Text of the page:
Maple Mountain junior quarterback Bryson McQuivey was put in some tough positions on the gridiron last fall as his first two varsity starts for the Golden Eagles came against Salem Hills and Bountiful at the end of the 2019 season.

But as challenging as those football moments were, they were inconsequential compared to what he is facing now.

McQuivey was recently diagnosed with an aggressive form of sarcoma — a cancer that starts in tissues like bone or muscle — and is now undergoing treatment as he battles this disease.

“You never think about someone his age and being an athlete and healthy having to go through something like this,” Maple Mountain head football coach Brad Burtenshaw said in a phone interview on Monday. “The good thing is he has a lot of support from the school, from the football team and from members of the community. He’s got a lot of support, which is good. We’re just trying to take another day at a time and do best we can.”

Burtenshaw remembered when McQuivey came to school a few weeks ago but realized something was wrong.

“He came into class and just said he felt pressure in his chest and didn’t know why, so he was going to the doctor,” Burtenshaw said. “The doctor wasn’t sure what was going on so they looked and they found a tumor in his lungs that was building up fluid. That was what was causing the pressure. For about a week, we weren’t sure whether it was cancerous or benign. He finally got his results back about a week and a half ago and they said it was a sarcoma cancer.”

The first step was to remove the fluid from McQuivey’s lungs. Burtenshaw said the doctors ended up removing two liters of fluid.

“He started chemotherapy last Wednesday, and they were hoping to send him home like Wednesday night or Thursday but he ended up accumulating more fluid,” Burtenshaw said. “They’ve kept him in the hospital the whole time. He’s supposed to have treatments weekly. They said they didn’t really want to operate because some of the tumors are around his vital organs. They’re just going to try to treat it with chemo and radiation and see how the tumor reacts.”

Burtenshaw said that the extend of McQuivey’s cancer and the prognosis are still unknown, although the current plan is for the Maple Mountain junior to undergo treatment for at least a year and a half.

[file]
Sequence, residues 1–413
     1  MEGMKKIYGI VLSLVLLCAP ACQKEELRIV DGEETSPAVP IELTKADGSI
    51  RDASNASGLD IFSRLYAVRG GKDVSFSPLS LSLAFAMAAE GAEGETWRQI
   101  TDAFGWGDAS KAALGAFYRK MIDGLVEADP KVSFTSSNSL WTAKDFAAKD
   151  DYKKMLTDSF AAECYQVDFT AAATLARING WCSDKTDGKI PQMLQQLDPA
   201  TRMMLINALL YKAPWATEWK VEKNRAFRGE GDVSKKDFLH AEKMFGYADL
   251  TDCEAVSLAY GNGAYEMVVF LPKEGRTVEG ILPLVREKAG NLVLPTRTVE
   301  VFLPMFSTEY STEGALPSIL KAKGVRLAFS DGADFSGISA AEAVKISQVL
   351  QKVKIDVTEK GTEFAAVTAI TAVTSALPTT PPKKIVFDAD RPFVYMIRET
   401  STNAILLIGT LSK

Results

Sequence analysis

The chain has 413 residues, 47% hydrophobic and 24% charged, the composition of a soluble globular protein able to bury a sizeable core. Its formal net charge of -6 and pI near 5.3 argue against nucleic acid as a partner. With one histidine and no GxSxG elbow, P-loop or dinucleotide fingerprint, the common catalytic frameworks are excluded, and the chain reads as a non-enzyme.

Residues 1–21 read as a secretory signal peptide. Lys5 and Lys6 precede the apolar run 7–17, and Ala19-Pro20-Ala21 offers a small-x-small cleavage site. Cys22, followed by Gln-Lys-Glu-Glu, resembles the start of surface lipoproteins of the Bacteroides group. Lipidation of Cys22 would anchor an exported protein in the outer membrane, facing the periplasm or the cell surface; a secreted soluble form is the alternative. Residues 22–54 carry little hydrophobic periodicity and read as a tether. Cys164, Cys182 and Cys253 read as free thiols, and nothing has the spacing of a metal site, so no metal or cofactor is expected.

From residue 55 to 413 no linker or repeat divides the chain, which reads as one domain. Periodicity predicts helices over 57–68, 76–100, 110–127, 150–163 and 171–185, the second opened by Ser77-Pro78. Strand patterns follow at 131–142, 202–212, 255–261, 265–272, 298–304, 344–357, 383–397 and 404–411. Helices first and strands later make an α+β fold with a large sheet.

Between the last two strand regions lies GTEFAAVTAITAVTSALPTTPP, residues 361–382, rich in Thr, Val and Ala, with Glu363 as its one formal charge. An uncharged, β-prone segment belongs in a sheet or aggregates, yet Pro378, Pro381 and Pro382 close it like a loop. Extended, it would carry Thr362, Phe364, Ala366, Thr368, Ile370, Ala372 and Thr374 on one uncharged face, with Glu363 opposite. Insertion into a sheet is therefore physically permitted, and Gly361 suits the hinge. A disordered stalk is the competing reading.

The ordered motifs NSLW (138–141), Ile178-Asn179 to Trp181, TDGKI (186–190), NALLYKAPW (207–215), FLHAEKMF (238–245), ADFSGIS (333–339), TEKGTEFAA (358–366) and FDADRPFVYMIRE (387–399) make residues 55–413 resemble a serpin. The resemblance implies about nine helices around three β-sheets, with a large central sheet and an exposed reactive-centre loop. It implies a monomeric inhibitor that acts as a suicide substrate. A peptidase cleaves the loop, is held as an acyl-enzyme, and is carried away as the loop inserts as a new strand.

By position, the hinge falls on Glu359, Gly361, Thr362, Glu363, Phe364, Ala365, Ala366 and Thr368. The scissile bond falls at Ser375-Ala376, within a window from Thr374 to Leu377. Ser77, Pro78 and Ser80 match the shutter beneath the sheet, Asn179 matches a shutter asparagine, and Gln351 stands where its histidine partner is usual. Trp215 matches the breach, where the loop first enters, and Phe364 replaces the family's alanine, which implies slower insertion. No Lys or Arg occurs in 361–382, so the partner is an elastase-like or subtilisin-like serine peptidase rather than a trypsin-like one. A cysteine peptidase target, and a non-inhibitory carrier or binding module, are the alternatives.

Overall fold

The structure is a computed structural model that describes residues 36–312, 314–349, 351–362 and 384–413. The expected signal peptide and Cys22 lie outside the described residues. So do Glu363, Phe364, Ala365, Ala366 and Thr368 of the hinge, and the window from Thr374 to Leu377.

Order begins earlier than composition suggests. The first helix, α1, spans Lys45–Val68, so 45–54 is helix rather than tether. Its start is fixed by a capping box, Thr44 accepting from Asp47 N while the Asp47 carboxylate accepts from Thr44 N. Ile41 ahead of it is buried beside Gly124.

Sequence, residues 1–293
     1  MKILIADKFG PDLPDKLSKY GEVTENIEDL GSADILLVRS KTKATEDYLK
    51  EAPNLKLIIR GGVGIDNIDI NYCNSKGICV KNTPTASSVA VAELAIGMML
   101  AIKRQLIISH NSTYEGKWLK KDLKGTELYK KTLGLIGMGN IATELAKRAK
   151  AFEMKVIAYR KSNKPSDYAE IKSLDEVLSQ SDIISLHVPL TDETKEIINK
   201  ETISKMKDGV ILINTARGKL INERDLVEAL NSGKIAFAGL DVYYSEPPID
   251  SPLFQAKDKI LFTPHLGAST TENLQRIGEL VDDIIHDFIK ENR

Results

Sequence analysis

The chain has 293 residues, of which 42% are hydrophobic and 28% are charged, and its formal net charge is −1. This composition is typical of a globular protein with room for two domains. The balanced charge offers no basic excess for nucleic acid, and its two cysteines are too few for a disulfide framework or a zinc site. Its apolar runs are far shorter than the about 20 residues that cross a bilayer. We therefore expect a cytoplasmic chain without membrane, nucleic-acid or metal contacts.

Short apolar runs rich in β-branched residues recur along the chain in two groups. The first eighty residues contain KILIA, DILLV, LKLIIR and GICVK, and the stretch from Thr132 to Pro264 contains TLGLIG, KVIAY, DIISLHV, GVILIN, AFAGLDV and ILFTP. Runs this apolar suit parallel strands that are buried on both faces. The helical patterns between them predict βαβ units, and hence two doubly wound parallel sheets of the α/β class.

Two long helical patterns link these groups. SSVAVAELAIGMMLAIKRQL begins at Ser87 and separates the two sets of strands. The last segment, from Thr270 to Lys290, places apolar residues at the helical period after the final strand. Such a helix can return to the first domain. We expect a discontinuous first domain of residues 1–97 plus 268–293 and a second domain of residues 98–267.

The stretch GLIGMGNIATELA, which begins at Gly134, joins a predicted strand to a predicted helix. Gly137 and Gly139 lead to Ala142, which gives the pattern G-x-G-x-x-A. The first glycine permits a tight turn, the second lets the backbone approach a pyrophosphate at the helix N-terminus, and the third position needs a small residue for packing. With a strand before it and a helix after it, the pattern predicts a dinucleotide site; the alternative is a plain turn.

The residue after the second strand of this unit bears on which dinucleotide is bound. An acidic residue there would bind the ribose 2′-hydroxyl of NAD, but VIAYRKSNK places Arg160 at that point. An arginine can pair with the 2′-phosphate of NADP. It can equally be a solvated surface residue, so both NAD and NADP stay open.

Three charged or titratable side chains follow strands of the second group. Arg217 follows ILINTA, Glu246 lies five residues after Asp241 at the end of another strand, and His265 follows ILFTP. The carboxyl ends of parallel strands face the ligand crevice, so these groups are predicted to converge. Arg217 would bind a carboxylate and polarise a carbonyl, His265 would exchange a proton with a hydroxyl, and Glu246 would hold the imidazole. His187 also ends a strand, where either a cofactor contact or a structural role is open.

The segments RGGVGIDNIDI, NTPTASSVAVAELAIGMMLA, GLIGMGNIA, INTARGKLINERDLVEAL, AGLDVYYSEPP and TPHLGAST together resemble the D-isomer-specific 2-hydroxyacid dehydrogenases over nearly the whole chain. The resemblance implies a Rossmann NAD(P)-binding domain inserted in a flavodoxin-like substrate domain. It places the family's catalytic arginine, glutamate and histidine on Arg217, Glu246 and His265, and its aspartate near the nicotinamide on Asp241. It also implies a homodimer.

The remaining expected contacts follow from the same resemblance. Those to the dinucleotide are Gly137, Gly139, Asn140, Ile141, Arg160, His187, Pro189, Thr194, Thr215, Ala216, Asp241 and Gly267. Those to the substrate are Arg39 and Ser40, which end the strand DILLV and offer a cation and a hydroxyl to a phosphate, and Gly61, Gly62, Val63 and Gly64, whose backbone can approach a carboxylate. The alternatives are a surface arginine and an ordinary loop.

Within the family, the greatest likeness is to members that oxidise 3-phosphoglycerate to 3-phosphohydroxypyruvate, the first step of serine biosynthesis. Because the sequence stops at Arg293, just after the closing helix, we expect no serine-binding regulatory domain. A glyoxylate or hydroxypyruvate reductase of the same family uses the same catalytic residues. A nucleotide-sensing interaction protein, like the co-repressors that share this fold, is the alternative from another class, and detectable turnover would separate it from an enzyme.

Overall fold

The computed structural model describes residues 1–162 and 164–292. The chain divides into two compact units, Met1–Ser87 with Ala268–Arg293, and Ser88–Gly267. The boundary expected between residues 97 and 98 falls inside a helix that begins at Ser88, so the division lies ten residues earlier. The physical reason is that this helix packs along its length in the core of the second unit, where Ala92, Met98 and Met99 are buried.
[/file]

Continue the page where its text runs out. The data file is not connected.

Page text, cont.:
“I don’t know if anybody really knows what the outcome should be, so everybody has just tried to stay real positive,” Burtenshaw said. “They did a brain scan last week and that came back clean, so that was good news. There was nothing going on there.”

Other parts of his body, however, including his legs and hips might have cancerous tumors.

Burtenshaw described McQuivey as hard-working young man and said the cancer diagnosis hasn’t changed him at all.

“Bryson is a really humble, quiet kid,” Burtenshaw said. He works hard, both on academics and athletics. Through the years he’s played football, basketball and baseball, and then just in the last year or two he just kind of moved over to football as a quarterback. He is a really good teammate with lots of friends on the team. Even now when I talked to him, he just kind of has this quiet strength. He’s positive and and tries to be as strong as he can. He’s fantastic.”

Maple Mountain High School and the Spanish Fork/Mapleton community as a whole has come together to support McQuivey and his family.

“I know I don’t know everything that is being done but I know his teammates from the football team have gone to the hospital to visit him,’ Burtenshaw said. “They are making the wristbands that should be here this week and they’re going to try to sell those. All sorts of people trying to figure out something they can do to support him. There was a big community fast. That first weekend before they went in to do the biopsy his mom invited as many people that were willing to do a fast and participate in that. I think that even spread over into Spanish Fork High School. I just I know one of their administrators knew about it and they were announcing at the seminaries and I know it spread. There’s been a lot of community support for him. I think he feels he feels loved and like there are people who care.”

A GoFundMe account has been set up to collect donations to support McQuivey and his family (see info box).

Daily Herald sports reporter Jared Lloyd can be reached at 801-344-2555 or jlloyd@heraldextra.com. Twitter: @JaredrLloyd. Instagram: @JaredrLloyd.

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